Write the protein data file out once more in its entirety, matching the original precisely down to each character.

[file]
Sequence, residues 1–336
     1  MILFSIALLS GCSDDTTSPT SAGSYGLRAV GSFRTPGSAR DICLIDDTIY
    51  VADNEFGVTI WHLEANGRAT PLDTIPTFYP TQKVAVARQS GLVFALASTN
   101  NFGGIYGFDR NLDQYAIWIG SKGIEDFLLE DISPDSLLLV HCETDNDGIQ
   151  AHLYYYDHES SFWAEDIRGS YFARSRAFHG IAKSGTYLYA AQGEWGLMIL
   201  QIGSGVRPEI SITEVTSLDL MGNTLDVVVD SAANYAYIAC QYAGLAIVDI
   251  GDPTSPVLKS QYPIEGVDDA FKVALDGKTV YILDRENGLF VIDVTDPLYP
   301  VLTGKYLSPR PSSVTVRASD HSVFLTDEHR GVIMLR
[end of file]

Sequence, residues 1–336
     1  MILFSIALLS GCSDDTTSPT SAGSYGLRAV GSFRTPGSAR DICLIDDTIY
    51  VADNEFGVTI WHLEANGRAT PLDTIPTFYP TQKVAVARQS GLVFALASTN
   101  NFGGIYGFDR NLDQYAIWIG SKGIEDFLLE DISPDSLLLV HCETDNDGIQ
   151  AHLYYYDHES SFWAEDIRGS YFARSRAFHG IAKSGTYLYA AQGEWGLMIL
   201  QIGSGVRPEI SITEVTSLDL MGNTLDVVVD SAANYAYIAC QYAGLAIVDI
   251  GDPTSPVLKS QYPIEGVDDA FKVALDGKTV YILDRENGLF VIDVTDPLYP
   301  VLTGKYLSPR PSSVTVRASD HSVFLTDEHR GVIMLR